The Odyssey {and a Jar of Jam}

veszprem, hungary

I arrived Saturday in Hungary on a 48-hour solo mission to collect my residency papers, a process András and I started on our last visit back in July. It was my first trip to my husband’s homeland alone, two and a half days poised purely for a 1 hour Monday  meeting on which my future citizenship resides.

My trip began at András’ parents house, where I am greeted by his mother's traditional welcome meal, and a backyard brimming with the fruits that were only promises back in July—füge {fig}, alma {apple}, dios {walnuts}, birsalma {quince}. My head spins with possibility. There are purple grapes to turn into pies,  figs to jam, quince to preserve and elderberries to make into deep, black syrups.

But that’s not why I’m here. So, I rest and let Anya, his mother, spoil me in the love language we both speak— thick kokoa {cocoa} and fresh kenyer {bread} and warm palicinta {crepes} smothered a summer’s work of preserved apricot and plums. Anya’s jam, or lekvar, tastes more like fresh fruit than anything we get back home, the luscious whole pieces of fruit just sweet enough to melt on the tongue and remind me why András can make a whole meal of nothing else.

In two short days, we plant cherry trees and visit my favorite winery in Csopask and eat ice cream on Lake Balaton. And every few hours we return to the kitchen where I dip back into her jars, spooning decadent portions of preserves over her homemade bread and the kefir she has curing on top of the fridge. With each bite I regret first that András is not here with me, and second, that I can’t eat enough for us both. I regret most that I can’t possibly bring back enough flavors from home to take the place of actually being here. But I can try. I clasp my hands in front of me and say his name, a gesture Anya rewards with two giant jars of jam, wrapped tightly in paper for travel home.

Monday arrives too quickly, and Anya wakes me at 6 AM for reggeli {breakfast}, a cup full of her kefir with apricot lekvar and a bowl of peeled kurta {pears} from Porva. I pack, tucking my treasured lekvar into my little bag, and head to the office of immigration with Apa, András dad. I’m greeted by a friend of András who works there; she triple warns me what to and what not to say. If I am asked why I didn’t come sooner, I am not to say it’s because I live in America. I am to say I was on holiday. I’m not so say why András wasn’t there with me. I am to say he's off playing sport on the other side of the country. I’m not to say I’m leaving on a plane bound for New York within the day. I am to say the address of our little house in Porva, which I know, but practice saying in Hungarian over and over again in my head as the gravitas of my accuracy sinks in.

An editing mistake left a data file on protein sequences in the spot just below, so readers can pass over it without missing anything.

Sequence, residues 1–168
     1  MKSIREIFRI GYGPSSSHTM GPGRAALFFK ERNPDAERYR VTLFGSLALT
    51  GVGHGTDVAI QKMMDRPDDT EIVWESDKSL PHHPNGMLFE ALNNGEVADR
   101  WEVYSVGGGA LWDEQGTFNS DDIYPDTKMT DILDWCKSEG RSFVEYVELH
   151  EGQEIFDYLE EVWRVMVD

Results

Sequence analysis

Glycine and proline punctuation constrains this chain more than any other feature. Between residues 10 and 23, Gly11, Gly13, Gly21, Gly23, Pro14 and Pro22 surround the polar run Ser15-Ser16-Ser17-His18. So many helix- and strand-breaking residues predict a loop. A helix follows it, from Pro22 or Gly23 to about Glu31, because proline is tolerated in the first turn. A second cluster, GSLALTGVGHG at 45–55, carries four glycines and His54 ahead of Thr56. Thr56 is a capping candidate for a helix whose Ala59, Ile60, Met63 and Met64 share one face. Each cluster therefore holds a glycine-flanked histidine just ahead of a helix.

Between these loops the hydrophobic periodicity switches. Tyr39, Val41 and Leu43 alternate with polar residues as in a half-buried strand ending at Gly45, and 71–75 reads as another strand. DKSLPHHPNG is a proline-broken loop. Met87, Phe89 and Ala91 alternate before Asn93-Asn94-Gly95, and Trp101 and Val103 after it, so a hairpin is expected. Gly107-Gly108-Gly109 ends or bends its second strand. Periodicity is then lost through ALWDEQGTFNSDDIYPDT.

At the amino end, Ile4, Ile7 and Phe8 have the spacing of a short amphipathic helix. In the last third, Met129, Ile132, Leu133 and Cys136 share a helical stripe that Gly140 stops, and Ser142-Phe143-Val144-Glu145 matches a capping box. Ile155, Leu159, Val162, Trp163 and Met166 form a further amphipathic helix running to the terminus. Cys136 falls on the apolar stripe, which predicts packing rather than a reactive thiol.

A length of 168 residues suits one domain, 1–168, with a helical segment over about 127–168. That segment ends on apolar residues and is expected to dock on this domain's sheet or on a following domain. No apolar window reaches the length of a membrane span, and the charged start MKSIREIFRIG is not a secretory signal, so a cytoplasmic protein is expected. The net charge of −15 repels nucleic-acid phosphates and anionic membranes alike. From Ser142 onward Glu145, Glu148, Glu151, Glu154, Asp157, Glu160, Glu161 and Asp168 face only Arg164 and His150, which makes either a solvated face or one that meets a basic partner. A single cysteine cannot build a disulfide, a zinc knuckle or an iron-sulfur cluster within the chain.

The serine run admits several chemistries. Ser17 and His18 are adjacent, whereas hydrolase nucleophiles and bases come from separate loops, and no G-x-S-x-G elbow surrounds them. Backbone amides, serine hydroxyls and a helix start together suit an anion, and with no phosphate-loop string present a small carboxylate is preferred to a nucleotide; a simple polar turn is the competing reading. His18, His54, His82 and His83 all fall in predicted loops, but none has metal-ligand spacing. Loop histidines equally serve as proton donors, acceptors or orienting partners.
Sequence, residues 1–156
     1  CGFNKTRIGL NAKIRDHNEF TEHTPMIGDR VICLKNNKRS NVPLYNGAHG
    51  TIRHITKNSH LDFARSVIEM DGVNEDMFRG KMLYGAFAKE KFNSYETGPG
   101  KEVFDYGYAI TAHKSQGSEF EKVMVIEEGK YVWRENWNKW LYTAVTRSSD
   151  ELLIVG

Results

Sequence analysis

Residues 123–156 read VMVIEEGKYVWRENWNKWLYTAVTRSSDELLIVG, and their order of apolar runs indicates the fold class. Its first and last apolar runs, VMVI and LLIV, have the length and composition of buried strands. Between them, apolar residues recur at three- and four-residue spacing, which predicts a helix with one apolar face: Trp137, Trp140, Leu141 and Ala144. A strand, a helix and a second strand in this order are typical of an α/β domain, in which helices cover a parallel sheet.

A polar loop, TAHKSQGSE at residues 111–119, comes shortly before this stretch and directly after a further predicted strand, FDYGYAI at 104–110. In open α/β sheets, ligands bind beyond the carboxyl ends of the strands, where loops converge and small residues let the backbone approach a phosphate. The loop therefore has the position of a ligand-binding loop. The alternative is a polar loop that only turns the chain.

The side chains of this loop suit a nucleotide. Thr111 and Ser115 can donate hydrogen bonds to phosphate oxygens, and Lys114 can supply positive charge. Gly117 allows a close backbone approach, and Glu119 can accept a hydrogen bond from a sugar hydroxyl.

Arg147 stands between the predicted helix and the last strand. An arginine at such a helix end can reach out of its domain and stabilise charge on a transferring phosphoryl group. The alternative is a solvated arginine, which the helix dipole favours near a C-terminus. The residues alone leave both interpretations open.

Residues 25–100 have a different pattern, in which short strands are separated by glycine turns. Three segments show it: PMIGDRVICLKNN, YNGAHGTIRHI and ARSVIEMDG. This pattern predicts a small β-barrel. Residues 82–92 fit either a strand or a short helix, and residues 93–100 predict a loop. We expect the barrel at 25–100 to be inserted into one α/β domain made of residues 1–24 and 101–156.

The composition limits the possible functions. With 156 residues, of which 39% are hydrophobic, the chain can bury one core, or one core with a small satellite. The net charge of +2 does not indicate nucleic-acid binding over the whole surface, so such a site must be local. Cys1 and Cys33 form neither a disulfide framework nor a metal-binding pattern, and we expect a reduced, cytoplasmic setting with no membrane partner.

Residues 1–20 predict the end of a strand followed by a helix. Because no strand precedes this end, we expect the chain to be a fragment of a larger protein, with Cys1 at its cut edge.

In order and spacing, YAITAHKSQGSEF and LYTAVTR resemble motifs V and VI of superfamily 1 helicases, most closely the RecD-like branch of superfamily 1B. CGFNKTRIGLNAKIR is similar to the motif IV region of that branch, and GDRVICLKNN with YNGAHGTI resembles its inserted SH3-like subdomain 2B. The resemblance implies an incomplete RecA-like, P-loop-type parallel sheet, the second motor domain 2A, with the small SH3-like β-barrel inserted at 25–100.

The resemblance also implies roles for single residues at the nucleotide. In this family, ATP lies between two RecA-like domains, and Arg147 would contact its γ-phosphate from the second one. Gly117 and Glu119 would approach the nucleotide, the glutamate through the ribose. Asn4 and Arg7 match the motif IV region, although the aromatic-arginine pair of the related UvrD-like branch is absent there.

At the desk, alone, I’m greeted by curt words I don’t understand. Angol?” I ask. Another agent steps in, half smiles and offers me broken English and a thick file with documents all baring my name or András’; banking slips, our marriage license, proof of property ownership. I recognize all of these from our first meeting here. She asks me to write and sign several declarations, and then, after much breath holding, she produces a passport-sized document with the Hungarian emblem and a photo of me in coiled buns taken back in June, looking decidedly Hungarian. She presses it into in the back of my passport and marks it with a final authoritative stamp, granting me resident status until 2014.

I beam. “Szep,” I say. Beautiful. She smiles. 

I meet Apa in the waiting room and convince him to help me celebrate with a quick trip through the piac {market} to get my last fill of local favorites. I fill up on barack {Peaches}, muskotaj {muscadet} grapes and rétes {strudel}. We polish them off during the two-hour journey to the Budapest airport where he drops me with a hug and a smile that matches the one that will greet me on the other side. I promise to give András their hugs, and feed him well.

Inside, I proudly display my resident’s sticker to the passport control, who flips past to the front page where a blonde and blue-eyed American girl smiles back at him. I ignore his disinterest in my pending countrymanship. I’m buoyant, thinking only of returning home to share my good news with András. I slide my bag through the security belt and glide through the metal detector.

“Open your bag, please,” an examiner asks. He hands me my bag.

I confess immediately. “I have lekvar.” 

“Do you know the rules about liquids?” he asks. “No liquids.”

“Yes, I know the rules. Lekvar is fruit and sugar, it’s not liquid.”

“No liquids.”

I proceed to explain that this is the only bit of home I can bring back to my husband, that it’s harmless, that it’s impossible for me to hurt anyone on the airplane with lekvar. Bombs have never been created from lekvar. He is unmoved. I begin to doubt the authenticity of his Hungarian accent. Certainly a Hungarian would know that I could not, would not, throw one’s mother’s jam away. I consider asking him to see his residency card, but instead I ask to see his supervisor. I tell my story again. I cannot throw it away. I will not throw it away. And besides, it’s not liquid, it’s lekvar.

“No liquids, no lotions, no lekvar.”

“Show me where it says no lekvar!” I demand. I recognize the desperation in my voice, and the fact that I’m treading on thin ground with a man who could make sure neither my lekvar nor me return to New York, but I’m unable to stop myself. He pulls the sign, points to lotion.

“But this is jam. It’s fruit and sugar. Fruit and sugar.” I repeat. My voice cracks.

“I’m sorry.”

Tears flood from my eyes as I lay the two jars of jam on the top of the pile of discarded water bottles and lotions, and pass out of security toward the gates.
On the other side, I stop, dropping my bags with my resolve, and cry. When I wipe my eyes, I see my gate directly in front of me with a flashing sign “oversold,” and in my hand a boarding pass that reads seat 35 E, the last row of the plane. It was more than I could bear.